A loop hike on the Hudson Farm trail and the Appalachian Trail.
A loop hike on the Hudson Farm trail and the Appalachian Trail.
Distance: 1.75 miles round trip
Elevation gain: 150 feet
Time: 1 hour
- From Etna, take Trescott Road north for 0.5 miles to the junction with Partridge Road.
Park in the new parking area on the L side of the road (if it is plowed) at the blue sign reading “Old Highway 38 Trail.”
- If the parking area is not accessible, continue up Trescott Road for another 0.4 miles to the AT parking lot on the R, just before a fence at the Trescott Water Supply Lands boundary. Your hike will end just across the road. To begin your hike, walk down Trescott Road to the new parking area at Old Highway 38.
- Today’s hike is a loop through the Hudson Farm’s fields and forest on an historic highway and the famed Appalachian Trail, highlighted on the map at R.
What You Should Know
- You’re about to visit one of Hanover’s newest conservation properties! The National Park Service has purchased the Hudson Farm, owned for many years by Dartmouth College, to permanently protect it as part of the Appalachian Trail corridor. The conservation project is a partnership between the Trust for Public Land, Hanover Conservancy, and Town of Hanover, celebrated in June, 2017. In addition to major federal funding, many local contributions made the farm’s protection possible. Over the years, the property was eyed as a site for everything from a housing development to a cemetery and golf course. We like it just the way the bobolinks and deer do.
- The Appalachian Trail Conservancy manages care of the land. Trails on the property are maintained by Berrill Farm neighbors and Hanover Trails Committee volunteers. The beautiful meadows will be kept open for their spectacular views and grassland bird habitat.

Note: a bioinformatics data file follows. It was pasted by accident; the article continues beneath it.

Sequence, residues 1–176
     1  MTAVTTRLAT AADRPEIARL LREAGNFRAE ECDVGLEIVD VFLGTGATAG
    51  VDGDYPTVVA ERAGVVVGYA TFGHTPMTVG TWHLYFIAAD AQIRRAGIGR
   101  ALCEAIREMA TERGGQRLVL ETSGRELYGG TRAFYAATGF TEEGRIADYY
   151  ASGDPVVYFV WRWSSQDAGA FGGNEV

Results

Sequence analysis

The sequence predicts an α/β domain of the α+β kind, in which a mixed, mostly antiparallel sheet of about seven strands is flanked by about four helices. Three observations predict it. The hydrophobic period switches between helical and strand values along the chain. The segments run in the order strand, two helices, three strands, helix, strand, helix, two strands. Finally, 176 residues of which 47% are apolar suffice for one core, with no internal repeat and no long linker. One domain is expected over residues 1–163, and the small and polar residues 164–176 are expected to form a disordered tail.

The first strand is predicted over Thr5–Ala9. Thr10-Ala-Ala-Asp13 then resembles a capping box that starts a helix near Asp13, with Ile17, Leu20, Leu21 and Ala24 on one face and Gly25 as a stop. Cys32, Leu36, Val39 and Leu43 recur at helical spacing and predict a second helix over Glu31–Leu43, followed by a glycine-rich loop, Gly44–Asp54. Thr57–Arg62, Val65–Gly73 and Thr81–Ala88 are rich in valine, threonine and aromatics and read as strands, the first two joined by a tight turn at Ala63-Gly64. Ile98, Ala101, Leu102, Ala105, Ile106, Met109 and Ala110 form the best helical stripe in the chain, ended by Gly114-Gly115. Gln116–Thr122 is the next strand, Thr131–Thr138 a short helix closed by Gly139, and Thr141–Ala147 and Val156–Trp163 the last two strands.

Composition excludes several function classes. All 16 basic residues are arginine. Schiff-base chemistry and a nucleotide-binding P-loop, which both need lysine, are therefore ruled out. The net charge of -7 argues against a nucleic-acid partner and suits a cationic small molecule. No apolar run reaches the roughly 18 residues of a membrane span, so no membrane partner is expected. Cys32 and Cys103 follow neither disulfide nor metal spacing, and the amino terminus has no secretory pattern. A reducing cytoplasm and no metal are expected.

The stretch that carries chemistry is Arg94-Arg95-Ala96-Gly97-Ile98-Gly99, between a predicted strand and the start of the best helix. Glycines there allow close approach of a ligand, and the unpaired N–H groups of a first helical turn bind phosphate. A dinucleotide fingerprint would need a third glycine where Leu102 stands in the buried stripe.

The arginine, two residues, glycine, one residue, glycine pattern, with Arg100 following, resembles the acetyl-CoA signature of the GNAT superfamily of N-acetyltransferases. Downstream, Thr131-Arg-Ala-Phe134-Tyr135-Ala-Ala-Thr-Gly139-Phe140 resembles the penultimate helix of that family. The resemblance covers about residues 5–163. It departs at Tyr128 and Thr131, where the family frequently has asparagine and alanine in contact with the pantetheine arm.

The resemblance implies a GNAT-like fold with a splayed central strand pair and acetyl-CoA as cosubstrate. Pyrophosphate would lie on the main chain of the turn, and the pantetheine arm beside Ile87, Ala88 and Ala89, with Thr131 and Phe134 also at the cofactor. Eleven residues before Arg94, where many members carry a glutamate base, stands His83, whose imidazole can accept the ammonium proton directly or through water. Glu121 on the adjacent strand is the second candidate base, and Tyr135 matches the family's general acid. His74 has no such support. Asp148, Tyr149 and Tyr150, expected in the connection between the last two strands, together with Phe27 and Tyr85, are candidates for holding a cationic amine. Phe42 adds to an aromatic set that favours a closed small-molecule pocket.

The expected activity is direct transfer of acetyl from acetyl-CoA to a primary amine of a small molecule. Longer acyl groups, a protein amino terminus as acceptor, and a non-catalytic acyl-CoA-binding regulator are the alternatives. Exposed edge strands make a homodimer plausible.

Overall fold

- Dogs are welcome but must be under your control; please pick up after your pet.
- Snowmobiles, ATVs, and bicycles are not permitted.
- In spring, wet areas make parts of this route difficult. Hunting is allowed in season.
- Begin your hike where the Old Highway 38 Trail meets Trescott Road. The Town of Hanover constructed a new parking area here, opposite Partridge Road.
- Take the path beyond the trailhead kiosk to an open field, keeping the tree line on your left. Winter is a good time to visit this expansive rolling field, which is alive with nesting bobolinks in spring and summer (when your dog should be on a leash, at least here).
- Continue up the rise along the tree line that marks an old stone wall. You are walking through one of rural Hanover’s iconic historical farm landscapes.
- Seven minutes’ walk from the trailhead, you’ll reach the far corner of the field. Here you’ll notice a brown and yellow trail sign where two mown paths meet, directing you to the right. Instead, turn L for a brief detour through an opening in the stone wall to a second, equally beautiful meadow.
- Stop for a moment to enjoy the expansive view. Straight ahead, the open hillside of Storrs Hill in Lebanon stands out when covered in snow. At R are Rix Ledges, some of the most interesting terrain and wildlife habitat in Lebanon.
- Approach the small group of trees in the field, 30 paces away. From this vantage point you can see Mount Ascutney rising in the distance, to the right of Rix Ledges.
- RETURN to the first field and its brown and yellow trail sign. From here, you have a good view of the Adams Farm house, a late 18th/early 19th century white cape with a single chimney. This was likely home to the family that once owned the abandoned farmland you are exploring today. To the R, amid a clump of trees, is a 20th century home built by later owners. Archer Hudson, a retired architect, constructed the house as a country retreat and burned down the farm’s barn–the foundation of which remains. Dartmouth College later purchased the property and carved off the house for resale, keeping the land. While the College has long referred to it as the “Hudson Farm,” this is historically inaccurate as the property ceased to be a farm before the Hudsons acquired it.